Jeb Bush pauses as he announces that he is suspending his presidential campaign in Columbia, S.C, on Feb. 20. (Randall Hill/Reuters)

This post has been updated.

In the last weeks of his flagging presidential bid, former Florida governor Jeb Bush loaned or gave his campaign nearly $407,000 as it struggled to pay its bills.

New Federal Election Commission filings show that Bush's campaign spent $3.6 million last month before he dropped out Feb. 20 — raising just $1.18 million in the same period. A large share of the money came from the candidate himself, who gave his campaign $56,983.50 on Feb. 1. The next day, he loaned the campaign $250,000. And on Feb. 16, four days before the South Carolina primary, he gave an additional $100,000.

Former Florida governor Jeb Bush announced to supporters in South Carolina that he was suspending his presidential campaign after a disappointing performance in the state's GOP primary. (AP)

While Bush's campaign was running out of cash, his allied super PAC still had ample resources. Right to Rise USA raised just under $179,000 in February but still ended the month with $16 million left of its $119 million haul, according to the group's latest FEC report. Bush and his advisers had initially believed that having a well-stocked super PAC would be one of his greatest assets. He spent the first half of last year raising large sums for Right to Rise, all while maintaining that he had not yet decided whether to jump in the race. But the super PAC's wealth could not overcome the lack of enthusiasm in the GOP base for the former governor.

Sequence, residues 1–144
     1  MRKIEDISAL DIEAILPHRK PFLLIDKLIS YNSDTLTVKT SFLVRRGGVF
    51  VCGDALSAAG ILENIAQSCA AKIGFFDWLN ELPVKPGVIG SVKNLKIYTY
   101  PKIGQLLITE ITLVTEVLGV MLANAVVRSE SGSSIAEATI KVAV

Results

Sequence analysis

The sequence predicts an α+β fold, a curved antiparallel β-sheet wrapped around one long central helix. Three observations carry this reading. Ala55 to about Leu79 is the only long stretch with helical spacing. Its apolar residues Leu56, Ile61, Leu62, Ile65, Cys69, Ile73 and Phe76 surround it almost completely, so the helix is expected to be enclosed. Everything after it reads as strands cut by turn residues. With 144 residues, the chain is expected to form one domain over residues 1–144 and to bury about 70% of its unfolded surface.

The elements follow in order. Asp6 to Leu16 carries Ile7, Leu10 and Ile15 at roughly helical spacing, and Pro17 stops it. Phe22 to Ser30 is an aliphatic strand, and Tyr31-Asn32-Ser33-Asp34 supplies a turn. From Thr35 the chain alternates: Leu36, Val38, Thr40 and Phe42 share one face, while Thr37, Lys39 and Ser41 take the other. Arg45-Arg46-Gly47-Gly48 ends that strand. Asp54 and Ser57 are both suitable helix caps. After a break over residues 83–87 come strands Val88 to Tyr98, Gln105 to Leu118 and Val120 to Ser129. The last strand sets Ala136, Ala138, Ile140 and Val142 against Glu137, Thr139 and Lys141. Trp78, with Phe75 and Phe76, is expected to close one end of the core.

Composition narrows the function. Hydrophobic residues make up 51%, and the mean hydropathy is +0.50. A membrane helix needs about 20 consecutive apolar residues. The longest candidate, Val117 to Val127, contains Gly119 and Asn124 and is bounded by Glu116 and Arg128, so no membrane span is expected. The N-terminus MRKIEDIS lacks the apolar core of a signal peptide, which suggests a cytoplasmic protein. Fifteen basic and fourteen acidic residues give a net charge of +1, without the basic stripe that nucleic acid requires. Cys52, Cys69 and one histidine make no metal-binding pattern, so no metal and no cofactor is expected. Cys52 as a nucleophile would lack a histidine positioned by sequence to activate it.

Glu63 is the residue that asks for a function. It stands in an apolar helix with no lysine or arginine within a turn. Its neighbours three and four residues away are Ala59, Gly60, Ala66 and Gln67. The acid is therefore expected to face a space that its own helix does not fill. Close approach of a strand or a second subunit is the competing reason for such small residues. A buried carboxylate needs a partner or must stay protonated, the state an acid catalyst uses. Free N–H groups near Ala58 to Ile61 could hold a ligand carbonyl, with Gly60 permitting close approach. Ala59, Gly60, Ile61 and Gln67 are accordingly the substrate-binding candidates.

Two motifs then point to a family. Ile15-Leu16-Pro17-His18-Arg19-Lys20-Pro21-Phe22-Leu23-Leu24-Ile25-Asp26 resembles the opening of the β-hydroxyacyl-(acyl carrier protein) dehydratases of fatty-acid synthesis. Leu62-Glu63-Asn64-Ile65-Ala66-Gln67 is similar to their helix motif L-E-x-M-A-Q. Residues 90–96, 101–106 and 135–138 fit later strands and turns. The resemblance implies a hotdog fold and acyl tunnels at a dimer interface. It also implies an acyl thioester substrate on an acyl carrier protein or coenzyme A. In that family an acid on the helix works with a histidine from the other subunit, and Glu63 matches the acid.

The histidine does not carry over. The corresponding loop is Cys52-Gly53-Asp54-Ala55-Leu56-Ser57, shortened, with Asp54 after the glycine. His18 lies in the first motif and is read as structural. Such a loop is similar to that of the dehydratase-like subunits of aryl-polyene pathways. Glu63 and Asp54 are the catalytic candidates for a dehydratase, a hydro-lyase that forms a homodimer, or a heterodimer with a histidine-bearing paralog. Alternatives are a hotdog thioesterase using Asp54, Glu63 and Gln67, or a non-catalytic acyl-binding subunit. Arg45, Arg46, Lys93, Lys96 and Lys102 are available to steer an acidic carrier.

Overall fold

In all, since beginning his run last year, the former governor put nearly $800,000 of his personal funds into his White House bid, raising $35 million in total. He ended February with $465,000 in the bank but $452,000 in debt. Among those still owed money was U.S. Safety & Security ($56,021), ATX Air Services ($23,821) and IT consultant Yuma Services ($13,341).

Bush spokeswoman Kristy Campbell said in a statement that he "remains incredibly grateful for the tremendous support and enthusiasm his candidacy generated, including contributions received from individuals in all 50 states and Washington DC."